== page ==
Cometh the hour, cometh the legislation: FIRE correspondent David Wright examines whether, in his words, fire safety law has finally 'come of age'.(Risk Management)


OVER THE LAST TWO DECADES, THERE has been a trend for government to move away from a 'nanny state' and more towards a mature attitude towards and relationship with those for whom it is responsible. After nearly half a century of prescriptive legislation for a wide range of premises, has fire safety law finally come of age and become an agent of society to proportionately manage the risk to its citizens?

The Regulatory Reform (Fire Safety) Order 2005 (RR(FS)O) has been in force for just over 18 months. In that period, have fire deaths increased in non-domestic premises? Has there been an increase in the number of fires? Early indications appear to show the answer to both is no.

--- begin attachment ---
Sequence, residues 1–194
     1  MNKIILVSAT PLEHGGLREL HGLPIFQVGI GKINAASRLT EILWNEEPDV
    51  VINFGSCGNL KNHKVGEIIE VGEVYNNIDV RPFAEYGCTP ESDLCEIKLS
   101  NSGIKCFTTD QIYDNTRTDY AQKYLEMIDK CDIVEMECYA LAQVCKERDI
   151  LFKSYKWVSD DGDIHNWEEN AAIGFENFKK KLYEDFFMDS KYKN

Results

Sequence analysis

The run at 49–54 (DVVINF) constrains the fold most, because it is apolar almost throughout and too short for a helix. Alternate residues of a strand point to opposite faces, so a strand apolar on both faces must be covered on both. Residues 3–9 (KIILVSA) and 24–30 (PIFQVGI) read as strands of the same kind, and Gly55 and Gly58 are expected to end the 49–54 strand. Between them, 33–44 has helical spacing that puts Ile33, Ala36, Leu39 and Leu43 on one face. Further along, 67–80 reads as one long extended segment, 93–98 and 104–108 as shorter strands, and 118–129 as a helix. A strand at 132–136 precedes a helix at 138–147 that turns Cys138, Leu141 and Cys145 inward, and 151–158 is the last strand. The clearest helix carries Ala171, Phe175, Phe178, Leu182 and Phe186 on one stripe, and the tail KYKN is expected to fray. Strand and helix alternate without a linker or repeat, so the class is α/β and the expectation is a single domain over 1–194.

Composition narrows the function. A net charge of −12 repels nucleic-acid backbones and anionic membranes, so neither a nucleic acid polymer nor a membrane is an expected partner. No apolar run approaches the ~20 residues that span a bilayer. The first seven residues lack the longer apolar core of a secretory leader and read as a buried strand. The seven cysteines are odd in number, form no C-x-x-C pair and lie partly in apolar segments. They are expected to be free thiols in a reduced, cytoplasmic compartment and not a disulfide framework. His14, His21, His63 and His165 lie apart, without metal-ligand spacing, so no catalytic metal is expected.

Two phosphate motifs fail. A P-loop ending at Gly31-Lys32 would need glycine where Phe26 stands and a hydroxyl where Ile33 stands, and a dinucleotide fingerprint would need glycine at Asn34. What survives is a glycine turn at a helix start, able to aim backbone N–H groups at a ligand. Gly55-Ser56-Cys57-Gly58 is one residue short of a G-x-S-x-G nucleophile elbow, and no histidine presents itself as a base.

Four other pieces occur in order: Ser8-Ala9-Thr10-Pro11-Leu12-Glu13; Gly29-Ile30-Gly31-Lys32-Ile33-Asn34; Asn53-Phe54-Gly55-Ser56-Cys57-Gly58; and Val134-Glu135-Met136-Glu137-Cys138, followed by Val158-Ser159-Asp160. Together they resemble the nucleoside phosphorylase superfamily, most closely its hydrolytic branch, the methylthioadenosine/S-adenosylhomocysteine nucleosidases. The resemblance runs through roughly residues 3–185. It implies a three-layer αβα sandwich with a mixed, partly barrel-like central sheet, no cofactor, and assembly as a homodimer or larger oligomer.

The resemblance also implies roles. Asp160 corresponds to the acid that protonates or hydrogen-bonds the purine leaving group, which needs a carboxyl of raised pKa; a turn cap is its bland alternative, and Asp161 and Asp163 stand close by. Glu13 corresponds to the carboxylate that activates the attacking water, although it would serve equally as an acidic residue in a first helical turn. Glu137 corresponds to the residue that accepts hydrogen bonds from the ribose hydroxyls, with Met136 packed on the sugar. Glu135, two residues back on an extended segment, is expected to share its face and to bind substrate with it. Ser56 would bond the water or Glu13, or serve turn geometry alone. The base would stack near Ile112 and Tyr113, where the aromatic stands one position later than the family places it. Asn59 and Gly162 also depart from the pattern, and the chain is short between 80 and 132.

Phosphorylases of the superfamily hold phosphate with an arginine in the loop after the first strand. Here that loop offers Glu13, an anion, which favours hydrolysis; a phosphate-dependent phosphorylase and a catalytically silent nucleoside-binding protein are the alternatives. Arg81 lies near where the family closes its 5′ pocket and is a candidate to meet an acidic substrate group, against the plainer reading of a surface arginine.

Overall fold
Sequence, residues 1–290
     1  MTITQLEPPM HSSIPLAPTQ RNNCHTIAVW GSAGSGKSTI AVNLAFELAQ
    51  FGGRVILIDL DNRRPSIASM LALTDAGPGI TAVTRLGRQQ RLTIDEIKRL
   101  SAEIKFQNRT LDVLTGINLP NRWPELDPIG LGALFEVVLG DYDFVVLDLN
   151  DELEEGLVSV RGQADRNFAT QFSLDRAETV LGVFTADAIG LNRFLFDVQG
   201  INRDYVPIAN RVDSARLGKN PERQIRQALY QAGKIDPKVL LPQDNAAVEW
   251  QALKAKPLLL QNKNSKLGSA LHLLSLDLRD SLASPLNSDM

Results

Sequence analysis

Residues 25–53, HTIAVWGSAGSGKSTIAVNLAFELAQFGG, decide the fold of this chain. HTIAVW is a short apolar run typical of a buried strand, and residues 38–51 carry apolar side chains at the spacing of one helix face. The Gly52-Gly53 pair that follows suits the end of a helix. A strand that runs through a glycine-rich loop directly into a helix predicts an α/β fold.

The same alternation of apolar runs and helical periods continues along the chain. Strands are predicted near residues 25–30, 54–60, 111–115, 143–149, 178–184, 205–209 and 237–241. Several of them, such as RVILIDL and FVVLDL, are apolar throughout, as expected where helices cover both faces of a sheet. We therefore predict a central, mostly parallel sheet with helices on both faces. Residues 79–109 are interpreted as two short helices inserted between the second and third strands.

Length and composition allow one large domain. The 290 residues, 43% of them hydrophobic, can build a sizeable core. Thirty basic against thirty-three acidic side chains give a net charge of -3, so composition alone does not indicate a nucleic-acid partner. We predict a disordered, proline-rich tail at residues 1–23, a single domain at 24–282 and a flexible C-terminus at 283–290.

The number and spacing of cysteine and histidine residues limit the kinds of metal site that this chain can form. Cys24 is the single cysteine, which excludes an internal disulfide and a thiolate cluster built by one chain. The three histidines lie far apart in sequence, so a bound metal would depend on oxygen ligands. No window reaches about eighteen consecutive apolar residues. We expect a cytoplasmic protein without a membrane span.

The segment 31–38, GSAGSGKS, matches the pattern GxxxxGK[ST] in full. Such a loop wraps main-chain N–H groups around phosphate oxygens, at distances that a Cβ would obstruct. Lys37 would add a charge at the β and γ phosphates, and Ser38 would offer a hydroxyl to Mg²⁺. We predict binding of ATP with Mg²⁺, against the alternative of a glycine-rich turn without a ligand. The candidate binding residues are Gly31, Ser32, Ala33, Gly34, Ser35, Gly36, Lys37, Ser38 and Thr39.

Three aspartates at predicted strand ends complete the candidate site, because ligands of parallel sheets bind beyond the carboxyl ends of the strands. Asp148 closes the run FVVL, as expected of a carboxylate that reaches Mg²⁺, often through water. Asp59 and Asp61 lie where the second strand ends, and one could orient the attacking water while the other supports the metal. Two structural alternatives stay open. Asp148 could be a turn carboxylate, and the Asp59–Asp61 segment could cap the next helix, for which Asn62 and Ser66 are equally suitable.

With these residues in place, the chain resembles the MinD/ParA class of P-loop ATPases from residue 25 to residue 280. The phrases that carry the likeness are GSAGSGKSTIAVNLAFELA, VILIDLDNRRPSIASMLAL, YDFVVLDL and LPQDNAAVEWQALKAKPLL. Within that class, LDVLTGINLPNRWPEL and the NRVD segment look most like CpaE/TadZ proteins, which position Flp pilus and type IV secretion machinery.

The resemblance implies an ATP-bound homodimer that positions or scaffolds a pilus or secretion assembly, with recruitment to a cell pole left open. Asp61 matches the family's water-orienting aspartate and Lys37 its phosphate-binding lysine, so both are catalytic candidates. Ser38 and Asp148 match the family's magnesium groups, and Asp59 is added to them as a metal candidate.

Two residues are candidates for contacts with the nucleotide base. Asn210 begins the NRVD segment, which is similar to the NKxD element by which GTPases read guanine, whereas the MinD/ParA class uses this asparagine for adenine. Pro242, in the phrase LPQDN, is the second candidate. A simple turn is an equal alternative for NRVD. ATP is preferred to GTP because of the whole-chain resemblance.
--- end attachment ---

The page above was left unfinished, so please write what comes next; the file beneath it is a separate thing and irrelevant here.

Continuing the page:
The RR(FS)O, after a delayed birth, arrived to a relatively muted fanfare, and now forms the backbone for the fire safety regime in the UK. As a piece of regulatory legislation in the fire safety arena it is probably unique. Whereas most fire safety legislation of the last two centuries has been reactive to the extent that 'stable door fire safety legislation' has almost become a cliche, the RR(FS)O was not prompted as a result of a fire disaster. Instead, the regulations could be the first that were not prompted in such a way. Rather, they arrived as a result of sustained pressure from a wide range of stakeholders--unions, professional fire officers, and businesses. Even the government, to its credit, was sold on the idea.

These events also throw up several questions. …

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